Apr. 10, 2007 More than half of physicians believe that religion and spirituality have a significant influence on patients' health, according to a report in the April 9 issue of Archives of Internal Medicine, one of the JAMA/Archives journals. Physicians who are most religious are more likely to interpret the influence of religion and spirituality in positive ways.
The relationship between religion and health generates controversy in the medical world, according to background information in the article. "Consensus seems to begin and end with the idea that many (if not most) patients draw on prayer and other religious resources to navigate and overcome the spiritual challenges that arise in their experiences of illness," the authors note. "Controversy remains regarding whether, to what extent and in what ways religion and spirituality helps or harms patients' health."
Farr A. Curlin, M.D., and colleagues at the University of Chicago mailed a survey in 2003 to a random sample of 2,000 practicing U.S. physicians 65 years or younger from all specialties. The survey included questions to determine physicians' religious characteristics, general observations and interpretations of religion and spirituality and potential positive and negative influences of religion and spirituality.
The response rate was 63 percent (1,144 of 1,820) and the average age for respondents was 49. According to the study, two-thirds of U.S. physicians believe that experiencing illness often or always increases patients' awareness of religion and spirituality issues. A majority of physicians (56 percent) think that religion and spirituality has much or very much influence on health and 54 percent believe that at times a supernatural being intervenes. The majority of physicians (85 percent) believe that the influence of religion and spirituality is generally positive, but few (6 percent) feel that religion and spirituality changes medical outcomes.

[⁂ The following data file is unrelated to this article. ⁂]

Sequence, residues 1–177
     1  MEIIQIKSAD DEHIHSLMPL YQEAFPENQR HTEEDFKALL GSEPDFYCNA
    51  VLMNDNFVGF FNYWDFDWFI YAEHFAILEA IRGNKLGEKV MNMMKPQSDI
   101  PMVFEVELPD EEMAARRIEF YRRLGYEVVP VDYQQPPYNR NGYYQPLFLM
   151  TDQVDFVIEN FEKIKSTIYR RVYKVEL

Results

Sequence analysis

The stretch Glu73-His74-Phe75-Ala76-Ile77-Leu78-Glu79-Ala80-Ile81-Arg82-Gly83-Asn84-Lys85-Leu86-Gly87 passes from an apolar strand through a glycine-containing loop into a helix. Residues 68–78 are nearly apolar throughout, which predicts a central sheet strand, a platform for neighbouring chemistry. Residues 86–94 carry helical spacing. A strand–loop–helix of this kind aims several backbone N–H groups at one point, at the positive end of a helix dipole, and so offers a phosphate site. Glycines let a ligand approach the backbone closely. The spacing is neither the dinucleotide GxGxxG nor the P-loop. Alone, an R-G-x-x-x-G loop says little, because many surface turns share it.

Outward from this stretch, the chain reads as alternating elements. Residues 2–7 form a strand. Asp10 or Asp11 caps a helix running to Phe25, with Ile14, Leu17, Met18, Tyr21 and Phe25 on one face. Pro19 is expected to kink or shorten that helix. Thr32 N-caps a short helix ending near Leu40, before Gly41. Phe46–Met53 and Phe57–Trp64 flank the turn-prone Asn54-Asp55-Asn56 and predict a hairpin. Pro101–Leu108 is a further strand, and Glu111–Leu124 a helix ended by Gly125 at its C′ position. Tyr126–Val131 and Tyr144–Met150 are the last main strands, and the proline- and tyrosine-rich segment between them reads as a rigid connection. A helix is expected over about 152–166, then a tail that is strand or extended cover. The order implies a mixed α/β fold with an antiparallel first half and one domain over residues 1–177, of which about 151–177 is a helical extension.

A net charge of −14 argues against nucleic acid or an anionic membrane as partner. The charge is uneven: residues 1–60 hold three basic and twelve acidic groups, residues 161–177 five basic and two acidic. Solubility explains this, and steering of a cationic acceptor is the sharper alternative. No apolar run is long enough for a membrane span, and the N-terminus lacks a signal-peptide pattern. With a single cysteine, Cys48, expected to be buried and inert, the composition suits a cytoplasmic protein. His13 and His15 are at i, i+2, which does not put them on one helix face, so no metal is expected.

The study also found that 76 percent of physicians believe that religion and spirituality helps patients cope, 74 percent believe that it gives patients a positive state of mind and 55 percent report that it provides emotional and practical support through religious community. Few physicians (7 percent) believe that religion and spirituality often causes negative emotions such as guilt and anxiety, 2 percent think it leads patients to decline medical therapy and 4 percent report that patients use it to avoid taking responsibility for their health, but about one-third believe it has these harmful influences sometimes.
Physicians' observations and interpretations are strongly influenced by their religious beliefs, according to the authors. "Physicians with higher intrinsic religiosity are much more likely to (1) report that their patients bring up religion and spirituality issues, (2) believe that religion and spirituality strongly influences health and (3) interpret the influence of religion and spirituality in positive rather than negative ways."
These findings lend support to recommendations that physicians recognize how their own beliefs influence how they provide care, the authors note. "Physicians' notions about the relationship between religion and spirituality and patients' health are strongly associated with physicians' own religious characteristics," they conclude. "Future studies should examine the ways physicians' religious (and secular) commitments shape their clinical engagements in these and other domains."
This study was funded by a grant from the Greenwall Foundation and by the Robert Wood Johnson Clinical Scholars Program. Dr. Curlin is also supported by a grant from the National Center for Complementary and Alternative Medicine of the National Institutes of Health.
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